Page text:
Letter From Austin
City Embraces the Bats Who Came Home to Roost
Monday, July 19, 2004; Page A03
Steve Huey is a man with a caricature of a bat on his business card. He has specially designed Beanie Baby bats to sell, and he offers a big bat deal: Stay overnight in his hotel, and a portion of the room rate goes to bat conservation, earning the guest an official bat adoption certificate.
Around here, no one thinks that's weird.
Austin is home to the largest urban bat colony in North America, and most locals -- along with hordes of tourists -- love the tiny furry critters, all 1.5 million that roost under a downtown bridge and fly out nightly between April and October to forage for insects. They do it in front of an audience of hundreds.
"It's like a rite of passage: If you're in Austin, you have to see the bats," said Huey, sales director for the Radisson Hotel and Suites, located at the foot of the Congress Avenue Bridge, which is home to the bats.
"It's like going to San Antonio and seeing the Alamo -- no disrespect to the Alamo," he said.
Nightly, the spectators arrive as the sun begins to wane in the west, lawn chairs and blankets in tow, picnics packed and cameras in hand. The lowly bat may be the most hated and feared mammal in some parts, but not here. This is, as many like to say, the most progressive, anything-goes city in Texas.
"It's a very cool thing," said Craig Saper, who on this warm evening came to watch the bats wearing a bright blue velveteen Austin Powers suit replete with white ruffled shirt, oversize glasses and a fake set of bad front teeth. He and his friends are videotaping the bats for a promotional film they will show next month to high school athletes about local "hot spots."
"It makes Austin unique," he said.
It also makes Austin money -- an estimated $8 million annually from the 100,000 visitors who come to view the bats each season, say tourism and bat conservation officials.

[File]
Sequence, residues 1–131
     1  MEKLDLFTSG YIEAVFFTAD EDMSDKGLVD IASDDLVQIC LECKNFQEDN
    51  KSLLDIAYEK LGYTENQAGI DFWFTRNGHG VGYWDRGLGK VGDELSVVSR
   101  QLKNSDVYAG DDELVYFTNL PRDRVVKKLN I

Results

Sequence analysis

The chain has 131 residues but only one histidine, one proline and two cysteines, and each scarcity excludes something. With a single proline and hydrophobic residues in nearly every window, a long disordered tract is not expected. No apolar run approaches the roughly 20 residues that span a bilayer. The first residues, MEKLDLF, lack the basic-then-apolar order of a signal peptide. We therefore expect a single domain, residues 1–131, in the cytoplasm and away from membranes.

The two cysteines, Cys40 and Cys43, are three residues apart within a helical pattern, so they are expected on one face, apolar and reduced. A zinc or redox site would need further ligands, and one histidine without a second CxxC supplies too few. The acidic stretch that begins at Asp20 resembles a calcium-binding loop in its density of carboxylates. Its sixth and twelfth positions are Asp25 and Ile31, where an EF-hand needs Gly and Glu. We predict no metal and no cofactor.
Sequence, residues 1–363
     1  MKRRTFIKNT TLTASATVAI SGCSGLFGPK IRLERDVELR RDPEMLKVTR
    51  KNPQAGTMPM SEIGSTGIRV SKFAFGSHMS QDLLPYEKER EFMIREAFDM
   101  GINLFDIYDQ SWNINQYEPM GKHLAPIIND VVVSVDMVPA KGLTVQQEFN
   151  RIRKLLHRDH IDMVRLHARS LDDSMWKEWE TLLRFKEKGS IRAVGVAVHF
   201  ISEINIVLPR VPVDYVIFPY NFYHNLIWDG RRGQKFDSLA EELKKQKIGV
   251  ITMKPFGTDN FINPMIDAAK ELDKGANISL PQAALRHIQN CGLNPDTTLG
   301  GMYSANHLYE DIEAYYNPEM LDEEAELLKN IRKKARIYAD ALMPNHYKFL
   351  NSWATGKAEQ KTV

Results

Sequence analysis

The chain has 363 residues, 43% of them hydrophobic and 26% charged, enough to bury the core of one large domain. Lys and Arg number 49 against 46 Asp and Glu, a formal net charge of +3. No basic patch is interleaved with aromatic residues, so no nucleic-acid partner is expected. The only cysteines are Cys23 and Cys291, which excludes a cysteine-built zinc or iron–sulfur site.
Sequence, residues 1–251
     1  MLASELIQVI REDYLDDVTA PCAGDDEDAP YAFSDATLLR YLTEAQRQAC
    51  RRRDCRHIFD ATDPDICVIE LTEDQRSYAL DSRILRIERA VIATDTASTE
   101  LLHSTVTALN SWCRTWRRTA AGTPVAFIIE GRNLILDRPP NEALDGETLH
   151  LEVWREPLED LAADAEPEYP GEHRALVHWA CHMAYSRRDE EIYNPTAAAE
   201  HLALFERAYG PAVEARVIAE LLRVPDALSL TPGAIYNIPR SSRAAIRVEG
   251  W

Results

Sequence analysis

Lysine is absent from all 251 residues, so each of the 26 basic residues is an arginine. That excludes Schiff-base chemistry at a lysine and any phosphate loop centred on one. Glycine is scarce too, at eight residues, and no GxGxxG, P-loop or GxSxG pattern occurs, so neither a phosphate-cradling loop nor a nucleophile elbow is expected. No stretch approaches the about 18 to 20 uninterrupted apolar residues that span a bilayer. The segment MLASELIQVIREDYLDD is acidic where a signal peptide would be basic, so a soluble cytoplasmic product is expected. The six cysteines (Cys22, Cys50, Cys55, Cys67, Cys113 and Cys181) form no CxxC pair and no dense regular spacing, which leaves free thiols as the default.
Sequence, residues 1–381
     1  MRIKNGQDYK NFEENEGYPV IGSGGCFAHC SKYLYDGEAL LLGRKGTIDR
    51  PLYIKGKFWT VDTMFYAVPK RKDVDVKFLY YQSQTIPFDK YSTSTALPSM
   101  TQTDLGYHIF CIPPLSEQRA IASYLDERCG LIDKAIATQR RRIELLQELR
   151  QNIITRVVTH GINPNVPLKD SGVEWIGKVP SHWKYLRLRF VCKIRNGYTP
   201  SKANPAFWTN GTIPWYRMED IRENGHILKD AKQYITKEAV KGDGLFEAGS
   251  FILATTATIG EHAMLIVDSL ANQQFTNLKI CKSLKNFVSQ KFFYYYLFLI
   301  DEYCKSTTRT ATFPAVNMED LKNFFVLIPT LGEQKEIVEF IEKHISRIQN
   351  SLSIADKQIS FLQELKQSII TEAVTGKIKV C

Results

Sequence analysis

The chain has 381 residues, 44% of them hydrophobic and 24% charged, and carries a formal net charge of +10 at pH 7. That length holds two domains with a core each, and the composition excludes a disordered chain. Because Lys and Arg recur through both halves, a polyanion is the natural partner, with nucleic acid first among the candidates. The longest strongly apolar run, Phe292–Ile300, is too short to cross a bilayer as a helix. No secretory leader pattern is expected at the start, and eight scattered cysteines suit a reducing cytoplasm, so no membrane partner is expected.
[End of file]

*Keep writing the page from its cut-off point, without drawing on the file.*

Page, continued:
Need a hotel? Check into the Radisson (look for the airport shuttle with a bat painted on the side) and get a free upgrade with the special bat conservation package. Or try the Four Seasons with its second-floor three-bedroom Congressional Suite, which has the special bat-viewing balcony. Need a burger, a beer and a view of the bats? Try the Town Lake T.G.I. Friday's. How about some Bordeaux with your bats instead? Go to the swanky Shoreline Grill next door. Better yet, some Batinis and bats? That's at the Hyatt Regency on the south side of the bridge.
Just blocks from the bats' roost, the Bitter End Brewery makes Bat City Lager (its second-most-popular brew), and along the bridge, hawkers sell bat T-shirts and bat glow sticks, next to the bat experts who answer tourists' questions. There is a Bat Hotline to call for nightly bat flight times, and bat cruise boats that traverse Town Lake and wait underneath the Congress Avenue Bridge just as the mammals fly out. There is the specially commissioned public art purple bat sculpture ("Night Wing") on Congress Avenue, and the reports by local television meteorologists, who track not only the weather, but also the nightly bat flight whenever it makes the Doppler radar.
When a minor league hockey team came to Austin in 1996, it considered, but rejected, typical Texas monikers such as the Outlaws, Rough Riders or Rattlers because it wanted a name with "a distinctly Austin feel," team spokesman Glen Norman said. It picked the Austin Ice Bats, of course.
"We love our bats," said Eileen Reid-Buesing, spokeswoman for the Austin Convention and Visitors Bureau.
© 2004 The Washington Post Company
People line Austin's Congress Avenue Bridge at dusk to watch 1.5 million bats emerge -- an event repeated nightly from April to October.
(Kelly West -- Austin American-statesman)